The Mummy: The creation of yet another universe

Mummy movies have not only been successful in movie history, but they tend to return with a new focus every time. The last production of the monster, which is still part of our memoirs, is that with actor Brendan Fraser, in which a curse causes a powerful priest, who had been punished for having a love affair with Pharaoh’s wife, wake up thousands from years later to haunt the planet earth.

This film was directed by Stephen Sommers in 1999 and brought the style and structure of adventure films in the style of Indiana Jones for the mummy, something that proved to be a success choice of Universal Studios, and that counted on several sequences. The feature that also innovated in creating spectacular special effects for the time was however based on another The Mummy, directed by Karl Freund in 1932. This version of the famous monster, which was also produced by Universal Studios, focuses more on the genre of horror. However, the great success of this old movie was not only the fact that the monster finally gained space on the big screen, but mainly developed a kind of cinematic formula based on cursed characters that is used until today.

This is no different for the new production of The Mummy, directed by Alex Kurtzman and that brings Tom Cruise as main character. Although the feature brings many differences from previous versions, the fact of being produced by Universal Studios gives an indication that it is more a remake, practically a centennial remake in a cinema immersed in many others.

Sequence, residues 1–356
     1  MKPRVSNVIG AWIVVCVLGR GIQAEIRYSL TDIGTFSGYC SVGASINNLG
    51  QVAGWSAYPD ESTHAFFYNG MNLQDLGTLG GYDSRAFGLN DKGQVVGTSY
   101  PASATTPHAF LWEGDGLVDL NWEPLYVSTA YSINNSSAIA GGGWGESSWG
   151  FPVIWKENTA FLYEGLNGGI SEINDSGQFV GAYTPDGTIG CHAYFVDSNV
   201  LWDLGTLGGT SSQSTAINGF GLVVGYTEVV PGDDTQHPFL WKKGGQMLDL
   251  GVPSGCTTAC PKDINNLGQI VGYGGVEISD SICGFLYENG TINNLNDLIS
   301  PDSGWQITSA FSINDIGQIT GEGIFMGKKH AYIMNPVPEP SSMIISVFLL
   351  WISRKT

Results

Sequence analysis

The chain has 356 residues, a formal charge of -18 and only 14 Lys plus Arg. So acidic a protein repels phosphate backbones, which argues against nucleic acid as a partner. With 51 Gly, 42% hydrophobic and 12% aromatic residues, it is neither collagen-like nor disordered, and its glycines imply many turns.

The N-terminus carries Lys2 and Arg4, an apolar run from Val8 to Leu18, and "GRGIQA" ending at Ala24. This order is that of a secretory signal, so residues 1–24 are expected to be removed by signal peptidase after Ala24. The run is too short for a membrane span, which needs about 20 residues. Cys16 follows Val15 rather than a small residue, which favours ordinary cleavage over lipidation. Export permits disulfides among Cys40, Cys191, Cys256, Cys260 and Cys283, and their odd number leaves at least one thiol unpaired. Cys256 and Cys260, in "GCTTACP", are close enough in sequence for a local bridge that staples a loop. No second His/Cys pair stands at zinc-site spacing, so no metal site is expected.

The film updates the figure of the mummy and the concept of cursed characters for the present day. To begin with, the monster is now a woman, or more precisely a princess who had been buried in the desert and wakes up thousands of years later to terrorize the world. The female focus comes in the wake of the popularity of many current films, such as Wonder Woman, who try to bring to life ancient story structures through their characters.

Also, if the film version of 1932 was horror-oriented and the 1999 version had the adventure genre as a focus, this time around The Mummy seems to be part of a common universe in today’s cinema: the universe of superheroes. Even if the protagonist, Nick Morton, does not have superpowers, being a soldier who heaps old artifacts to make money, the kind of cinematography, special effects and acting immediately connects us with those of superheroes.

This is no coincidence. After the profit of The Avengers, which brought famous heroes and who already owned films such as Captain America, Hulk and Iron Man, for the same film, great studios began to run for the same success. Warner Brothers, with D.C. Comics, already has the Justice League in mind, which will feature Superman, Wonder Woman and Batman. Now it’s Universal’s turn to find their niche and the studio is betting on what they call “Dark Universe,” the universe that features Dracula, Frankenstein and the mummy. Perhaps the next step for a cinema that lives of remakes is the creation of more and more universes where its personages have films of its own.

(article translated from the original version in portuguese, by Google Translate)

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